U.S. stocks rose, with the Standard & Poor’s 500 Index posting its first two-day rally in three weeks, as investors watched Federal Reserve officials for signals on stimulus cuts after data showed home sales plunged.
Microsoft Inc. rallied 7.3 percent after Chief Executive Officer Steve Ballmer said he would retire within 12 months. Nasdaq OMX Group Inc. added 1.2 percent after the shares slid the most in more than four months following a trading disruption yesterday. D.R. Horton Inc. sank 2.9 percent to pace declines in an index of homebuilder stocks. Pandora Media Inc. slumped 13 percent as its sales forecast missed estimates.
The S&P 500 climbed 0.4 percent to 1,663.47 at 4 p.m. in New York. The gauge added 1.3 percent in the past two sessions in the first back-to-back advance since Aug. 2. The Dow Jones Industrial Average rose 46.62 points, or 0.3 percent, to 15,010.36. About 4.9 billion shares changed hands on U.S. exchanges today, 21 percent below the three-month average.
“The macro picture is very important,” Jim Russell, the senior equity strategist for U.S. Bank Wealth Management, said in an interview from Cincinnati. His firm oversees $110 billion. “Investors are trying to figure out how markets will respond to rising rates and what it will mean for the consumers and the business climate. This weekend’s meeting in Jackson Hole is a focus although we don’t expect big announcements.”
The S&P 500 gained 0.5 percent this week, snapping a run of two losing weeks, as investors weighed whether the economy is strong enough to prompt the Fed to curb its monthly bond purchases. Minutes from the central bank’s July meeting released Aug. 21 showed almost all policy makers agreed with plans to slow the pace if the economy continues to improve in line with forecasts.
Three Fed regional bank presidents, who spoke today from a monetary policy conference in Jackson Hole, Wyoming, differed over the timing for reducing the bond buying, with one backing a tapering next month if the economy remains strong and two others saying policy makers should take time to assess economic data.
“We can take our time” on slowing purchases, St. Louis Fed President James Bullard said. San Francisco’s John Williams told CNBC he wants to “taper our purchases later this year” if the economy doesn’t flag, while Atlanta’s Dennis Lockhart said he “would be supportive” of slowing purchases next month if the expansion holds up.
Data today from the Commerce Department showed purchases of new U.S. homes plunged in July by the most in more than three years and previous months were revised down, a sign that growth in the industry may be taking a pause as mortgage rates rise. Yields on 10-year Treasury notes have risen toward a two-year high.
“Home sales are a big part of this recovery story in the U.S.,” Paul Zemsky, the New York-based head of asset allocation for ING Investment Management, which oversees $180 billion, said in an interview. “The fact that there are rising interest rates looks like it may be starting to bite into new home sales. That’s probably going to cause the economy be a little softer in the second half.”
The monetary support helped push the S&P 500 up as much as 153 percent from its March 2009 low. Speculation about the stimulus has whipsawed stocks since May, when Chairman Ben S. Bernanke, who is not at the conference, first indicated cuts could start this year.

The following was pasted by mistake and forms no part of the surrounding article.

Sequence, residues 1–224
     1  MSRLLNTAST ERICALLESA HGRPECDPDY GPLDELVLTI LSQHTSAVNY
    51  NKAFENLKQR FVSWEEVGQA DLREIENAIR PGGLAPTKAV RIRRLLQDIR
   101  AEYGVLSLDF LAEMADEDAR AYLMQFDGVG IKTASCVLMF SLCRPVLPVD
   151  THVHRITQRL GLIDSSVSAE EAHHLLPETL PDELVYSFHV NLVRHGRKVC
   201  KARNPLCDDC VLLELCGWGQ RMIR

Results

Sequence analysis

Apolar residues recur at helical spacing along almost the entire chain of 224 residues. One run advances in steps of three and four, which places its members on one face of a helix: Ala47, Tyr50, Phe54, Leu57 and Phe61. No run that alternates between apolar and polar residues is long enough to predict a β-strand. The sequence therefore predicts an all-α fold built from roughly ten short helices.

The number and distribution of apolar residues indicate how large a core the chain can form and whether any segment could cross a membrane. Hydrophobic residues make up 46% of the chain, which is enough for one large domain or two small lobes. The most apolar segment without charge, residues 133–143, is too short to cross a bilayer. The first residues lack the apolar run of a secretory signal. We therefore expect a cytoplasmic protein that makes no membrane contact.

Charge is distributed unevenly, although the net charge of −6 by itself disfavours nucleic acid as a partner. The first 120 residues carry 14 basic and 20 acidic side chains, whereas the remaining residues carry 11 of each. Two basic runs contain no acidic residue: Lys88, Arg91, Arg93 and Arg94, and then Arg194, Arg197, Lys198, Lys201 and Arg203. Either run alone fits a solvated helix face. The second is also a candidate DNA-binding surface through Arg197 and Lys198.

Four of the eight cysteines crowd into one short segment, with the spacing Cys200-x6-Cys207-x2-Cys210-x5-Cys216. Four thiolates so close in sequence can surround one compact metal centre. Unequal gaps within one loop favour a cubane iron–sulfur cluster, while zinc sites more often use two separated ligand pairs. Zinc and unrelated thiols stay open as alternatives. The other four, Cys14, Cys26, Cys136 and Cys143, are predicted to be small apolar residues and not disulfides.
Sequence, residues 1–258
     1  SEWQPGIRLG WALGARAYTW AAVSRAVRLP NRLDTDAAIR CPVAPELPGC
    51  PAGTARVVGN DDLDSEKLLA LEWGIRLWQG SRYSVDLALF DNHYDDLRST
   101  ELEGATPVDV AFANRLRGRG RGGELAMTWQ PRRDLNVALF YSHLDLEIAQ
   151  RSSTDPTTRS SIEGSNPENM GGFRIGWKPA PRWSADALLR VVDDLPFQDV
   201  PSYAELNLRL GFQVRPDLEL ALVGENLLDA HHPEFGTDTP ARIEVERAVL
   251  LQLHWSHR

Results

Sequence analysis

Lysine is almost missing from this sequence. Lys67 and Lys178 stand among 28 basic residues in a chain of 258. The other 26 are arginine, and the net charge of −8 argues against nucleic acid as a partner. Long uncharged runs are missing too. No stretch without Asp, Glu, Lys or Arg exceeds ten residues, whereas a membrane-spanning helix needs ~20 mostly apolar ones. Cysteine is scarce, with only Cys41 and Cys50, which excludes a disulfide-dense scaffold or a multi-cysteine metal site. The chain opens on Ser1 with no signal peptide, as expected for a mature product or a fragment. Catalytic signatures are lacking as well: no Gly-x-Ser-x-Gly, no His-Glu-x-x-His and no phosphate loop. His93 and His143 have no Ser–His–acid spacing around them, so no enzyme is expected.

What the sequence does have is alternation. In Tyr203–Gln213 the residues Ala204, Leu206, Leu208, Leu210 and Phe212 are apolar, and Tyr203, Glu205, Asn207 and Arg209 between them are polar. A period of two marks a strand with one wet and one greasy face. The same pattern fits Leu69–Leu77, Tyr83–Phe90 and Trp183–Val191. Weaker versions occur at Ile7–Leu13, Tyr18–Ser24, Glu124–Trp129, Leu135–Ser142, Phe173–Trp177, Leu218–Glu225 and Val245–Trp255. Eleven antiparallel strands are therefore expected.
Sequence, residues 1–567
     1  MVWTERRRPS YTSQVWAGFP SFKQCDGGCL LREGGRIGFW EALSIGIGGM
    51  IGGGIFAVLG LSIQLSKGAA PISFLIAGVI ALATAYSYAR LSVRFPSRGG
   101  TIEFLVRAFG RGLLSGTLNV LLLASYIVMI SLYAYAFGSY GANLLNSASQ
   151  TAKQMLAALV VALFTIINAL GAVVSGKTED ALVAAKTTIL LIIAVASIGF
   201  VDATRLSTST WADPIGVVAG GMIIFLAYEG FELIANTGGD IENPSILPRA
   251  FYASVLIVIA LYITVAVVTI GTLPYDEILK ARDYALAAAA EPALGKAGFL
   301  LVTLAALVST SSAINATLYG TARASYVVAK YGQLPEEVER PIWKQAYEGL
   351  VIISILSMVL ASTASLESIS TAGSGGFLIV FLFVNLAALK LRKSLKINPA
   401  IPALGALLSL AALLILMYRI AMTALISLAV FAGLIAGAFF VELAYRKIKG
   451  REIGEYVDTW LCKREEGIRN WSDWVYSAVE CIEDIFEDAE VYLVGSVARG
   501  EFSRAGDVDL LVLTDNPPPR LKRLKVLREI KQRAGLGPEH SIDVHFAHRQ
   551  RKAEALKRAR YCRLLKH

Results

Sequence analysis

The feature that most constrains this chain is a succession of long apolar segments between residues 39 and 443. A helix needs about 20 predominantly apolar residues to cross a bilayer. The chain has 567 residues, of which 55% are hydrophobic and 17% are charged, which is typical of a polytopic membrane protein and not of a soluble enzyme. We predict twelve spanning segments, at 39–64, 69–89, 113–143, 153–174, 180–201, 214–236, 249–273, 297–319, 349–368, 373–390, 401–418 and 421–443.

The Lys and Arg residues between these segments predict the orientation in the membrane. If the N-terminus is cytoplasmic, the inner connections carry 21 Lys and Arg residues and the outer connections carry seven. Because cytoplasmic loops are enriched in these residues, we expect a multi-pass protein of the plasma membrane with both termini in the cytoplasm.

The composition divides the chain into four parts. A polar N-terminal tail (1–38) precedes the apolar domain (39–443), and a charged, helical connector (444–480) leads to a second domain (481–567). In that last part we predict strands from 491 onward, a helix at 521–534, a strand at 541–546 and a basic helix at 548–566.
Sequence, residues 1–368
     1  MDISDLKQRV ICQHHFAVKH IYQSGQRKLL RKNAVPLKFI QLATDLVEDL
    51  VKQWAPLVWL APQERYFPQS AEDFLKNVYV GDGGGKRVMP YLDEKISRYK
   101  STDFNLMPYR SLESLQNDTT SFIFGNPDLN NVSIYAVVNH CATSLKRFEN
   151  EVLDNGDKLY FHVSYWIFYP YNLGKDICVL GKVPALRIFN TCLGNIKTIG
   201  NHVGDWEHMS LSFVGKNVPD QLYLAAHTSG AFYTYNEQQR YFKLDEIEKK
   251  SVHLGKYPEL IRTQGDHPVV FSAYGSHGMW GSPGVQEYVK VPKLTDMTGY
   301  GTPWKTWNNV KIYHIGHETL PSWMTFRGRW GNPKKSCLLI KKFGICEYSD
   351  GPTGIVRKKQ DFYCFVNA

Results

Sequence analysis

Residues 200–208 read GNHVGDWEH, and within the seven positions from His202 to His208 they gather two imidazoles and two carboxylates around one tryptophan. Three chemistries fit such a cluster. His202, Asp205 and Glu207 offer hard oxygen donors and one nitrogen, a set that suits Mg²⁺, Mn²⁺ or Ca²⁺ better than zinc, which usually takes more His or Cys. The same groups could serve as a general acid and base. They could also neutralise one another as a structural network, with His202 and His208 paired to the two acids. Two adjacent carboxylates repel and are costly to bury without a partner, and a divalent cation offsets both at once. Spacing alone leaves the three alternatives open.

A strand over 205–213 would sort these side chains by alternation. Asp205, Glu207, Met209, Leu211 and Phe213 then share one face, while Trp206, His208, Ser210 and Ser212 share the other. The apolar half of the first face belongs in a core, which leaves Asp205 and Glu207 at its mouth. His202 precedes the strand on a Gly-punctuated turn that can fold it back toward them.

The S&P 500 tumbled 5.8 percent from a record high on May 21 through June 24. It then rebounded as much as 8.7 percent to close at its latest record of 1,709.67 on Aug. 2. The index closed today 2.7 percent below the all-time high.
The Chicago Board Options Exchange Volatility Index, or VIX, dropped 5.3 percent to 13.98. The equity volatility gauge fell 2.7 percent in the past five days to halt two consecutive weeks of advances.
Nasdaq halted trading of its listed stocks for three hours yesterday because a computer problem left some investors without quotes and the company did not want to have “information asymmetry,” Chief Executive Officer Robert Greifeld said in interviews today.
Nasdaq shares rose 1.2 percent to $30.83 after retreating 3.4 percent yesterday. The exchange operator will probably not have to spend large sums on damages, Wells Fargo & Co. analysts led by Christopher Harris wrote in a note. Nasdaq suspended trading in the stocks, so investors probably didn’t lose money as a result of mismanaged orders.
Greifeld told CNBC that Nasdaq has “no liability” from the outage and said yesterday’s share decline was a buying opportunity.
Microsoft rallied 7.3 percent to $34.75 for the biggest gain in the Dow. Ballmer, who has struggled to adapt to an era of declining personal-computer sales, will retire after more than a decade leading the world’s largest software maker.
Autodesk Inc. jumped 7.7 percent, the most since October 2011, to $38.91. The software maker was upgraded to buy from neutral by B Riley & Co. after its sales and profit topped estimates in the second quarter.
The S&P Supercomposite Homebuilding Index sank 3.1 percent, with all 11 members declining. PulteGroup Inc. retreated 1.6 percent to $16.06 and D.R. Horton slid 2.9 percent to $18.73.
Pandora Media slumped 13 percent to $18.91, its steepest slide this year. The biggest online radio service forecast third-quarter profit that will miss analysts’ estimates as the company invests to expand its sales staff.